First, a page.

- National Park Service Historic Preservation Tax Incentives outlines federal tax incentives, including a 20% rehabilitation credit, for qualified historic properties.
Locally Specific Information should be prepared as part of disaster planning and be readily accessible in the event of a disaster.
- Historic property information - Local Registers, Inventories, Surveys or Lists - should be updated regularly and readily available in the event of a disaster.
- Applicable local ordinances with sections pertinent to historic resources highlighted.
Things You Can Do at the Local Level
The following outline was based on: California Preservation Foundation and the Western Regional Office of the National Trust for Historic Preservation, Taking Effective Local Action on the Fault Line: What you can do to prevent the rush to demolish earthquake damaged historic structures, 1989.
1. Emergency Meeting(s)
Call an emergency meeting of preservationists, architects, the Preservation Commission, Landmarks Board, and other interested preservation organizations or professionals, and ask City Hall for an immediate briefing on:
- List of buildings determined “unsafe”
- Criteria used to make that determination
- Decision making process for “emergency” demolitions
2. Compile List of Damaged Historic Buildings
Compare the list of “hazardous” buildings with your list of qualified historic structures (i.e. National Register, National Register eligible, or structures on any other “officially” designated list or survey) and any local historical surveys to determine which are historic. Maintain and monitor this list. For situations that are not life-threatening, ask your local jurisdiction for a policy of caution in regard to the demolition of any historic building. This policy should include provisions to:
- Secure and cordon off a building determined hazardous after an initial inspection by building officials.
- Allow a second inspection and opinion by a structural engineer with experience in seismic safety of historic buildings, along with the participation of preservationists.
- Prevent any immediate demolition until there is a proven need and demonstration of no feasible alternative.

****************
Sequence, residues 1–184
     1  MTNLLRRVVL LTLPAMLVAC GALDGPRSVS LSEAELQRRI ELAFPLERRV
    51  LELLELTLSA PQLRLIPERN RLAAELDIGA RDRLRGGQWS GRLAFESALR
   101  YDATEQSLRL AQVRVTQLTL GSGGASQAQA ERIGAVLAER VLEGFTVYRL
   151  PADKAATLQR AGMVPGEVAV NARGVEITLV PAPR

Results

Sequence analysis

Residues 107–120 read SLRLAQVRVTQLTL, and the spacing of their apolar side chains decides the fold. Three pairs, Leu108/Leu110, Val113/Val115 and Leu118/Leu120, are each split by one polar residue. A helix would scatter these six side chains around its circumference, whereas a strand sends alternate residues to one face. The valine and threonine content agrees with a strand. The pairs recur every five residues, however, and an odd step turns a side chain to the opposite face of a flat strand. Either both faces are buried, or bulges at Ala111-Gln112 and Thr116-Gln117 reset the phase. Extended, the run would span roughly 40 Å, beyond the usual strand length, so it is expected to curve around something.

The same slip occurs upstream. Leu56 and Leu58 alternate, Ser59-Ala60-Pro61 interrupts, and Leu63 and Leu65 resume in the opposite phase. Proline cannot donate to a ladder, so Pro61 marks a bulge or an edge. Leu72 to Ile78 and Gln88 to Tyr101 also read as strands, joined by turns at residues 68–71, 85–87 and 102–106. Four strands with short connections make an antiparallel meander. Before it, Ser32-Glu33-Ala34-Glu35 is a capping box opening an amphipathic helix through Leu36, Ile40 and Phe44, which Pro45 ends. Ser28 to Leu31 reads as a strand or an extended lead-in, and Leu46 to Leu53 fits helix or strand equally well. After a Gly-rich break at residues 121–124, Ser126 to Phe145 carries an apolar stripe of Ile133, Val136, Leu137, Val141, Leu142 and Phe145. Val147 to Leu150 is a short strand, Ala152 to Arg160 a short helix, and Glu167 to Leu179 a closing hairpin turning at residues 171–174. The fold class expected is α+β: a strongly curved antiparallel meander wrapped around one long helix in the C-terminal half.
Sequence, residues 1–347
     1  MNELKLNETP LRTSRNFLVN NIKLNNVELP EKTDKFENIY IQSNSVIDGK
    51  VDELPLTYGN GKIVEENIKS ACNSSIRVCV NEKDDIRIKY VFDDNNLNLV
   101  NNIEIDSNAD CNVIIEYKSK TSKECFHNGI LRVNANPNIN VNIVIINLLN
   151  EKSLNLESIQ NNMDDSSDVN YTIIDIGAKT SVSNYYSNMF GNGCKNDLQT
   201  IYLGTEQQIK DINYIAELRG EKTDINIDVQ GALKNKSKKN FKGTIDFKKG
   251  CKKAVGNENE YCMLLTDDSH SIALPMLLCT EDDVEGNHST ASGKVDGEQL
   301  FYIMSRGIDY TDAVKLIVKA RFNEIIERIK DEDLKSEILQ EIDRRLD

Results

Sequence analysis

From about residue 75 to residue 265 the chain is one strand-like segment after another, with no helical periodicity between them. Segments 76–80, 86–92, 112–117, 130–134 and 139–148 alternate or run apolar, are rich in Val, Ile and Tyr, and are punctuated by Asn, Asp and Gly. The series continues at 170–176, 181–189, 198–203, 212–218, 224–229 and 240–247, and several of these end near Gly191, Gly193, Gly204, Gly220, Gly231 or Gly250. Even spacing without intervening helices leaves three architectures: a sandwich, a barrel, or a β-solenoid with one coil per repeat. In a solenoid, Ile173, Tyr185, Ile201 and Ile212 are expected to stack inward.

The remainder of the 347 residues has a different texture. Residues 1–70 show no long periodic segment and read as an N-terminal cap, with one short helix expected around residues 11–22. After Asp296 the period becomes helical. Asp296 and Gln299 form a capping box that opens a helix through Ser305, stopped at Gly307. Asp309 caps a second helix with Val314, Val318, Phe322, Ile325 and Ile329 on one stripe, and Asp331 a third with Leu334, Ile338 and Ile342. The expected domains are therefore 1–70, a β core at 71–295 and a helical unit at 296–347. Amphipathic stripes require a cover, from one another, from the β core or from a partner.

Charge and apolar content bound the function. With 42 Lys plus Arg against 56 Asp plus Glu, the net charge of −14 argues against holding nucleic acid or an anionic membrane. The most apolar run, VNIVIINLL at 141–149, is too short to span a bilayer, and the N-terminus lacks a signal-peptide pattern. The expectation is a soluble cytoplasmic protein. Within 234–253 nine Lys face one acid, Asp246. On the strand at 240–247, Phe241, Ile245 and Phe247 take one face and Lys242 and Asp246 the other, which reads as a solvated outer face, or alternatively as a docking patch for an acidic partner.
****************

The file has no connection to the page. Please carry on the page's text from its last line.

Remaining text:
3. Coordinate efforts
Schedule meetings as necessary between local, state, and national preservation organizations, applicable jurisdictions and agencies, and the American Institute of Architects and other professional organizations to exchange information, plot strategy, assemble technical assistance teams, distribute information, and coordinate efforts to ensure work isn’t being duplicated!
4. Seek Positive Press Coverage
- Focus on undamaged buildings and preservation successes
- Highlight any technical assistance assembled with the help of local structural engineers, preservation architects, local preservationists, and expertise from other organizations and agencies.
- Give examples of cautious city policy and preservation successes elsewhere in the face of similar emergencies.
- Urge caution on the part of local building officials in “emergency” demolitions.
5. Distribute Information
Get information on technical and financial assistance and local access to this assistance out to your community as well as the local city government and the press.
Look into federal, state, and local funding mechanisms and incentive programs such as the Marks Historic Rehabilitation Bond Act of 1976 which might provide a way to create a loan fund, the Mills Act program which in reducing the property tax on an historic structure may provide an inducement for property owners to preserve and rehabilitate instead of demolish a damaged building, easements, tax credits, and any local assistance that may become available during the response and recovery time.
6. Establish Emergency Fund
Investigate opportunities for the establishment of an emergency fund earmarked for historic buildings through a local bank or civic club.
7. Legal Action
When you get very little cooperation from local officials you may have to be prepared to go to court. If you seek an injunction to forestall a “public safety” demolition, be sure that you take a structural engineer with the necessary expert testimony ready to refute claims that an emergency exists.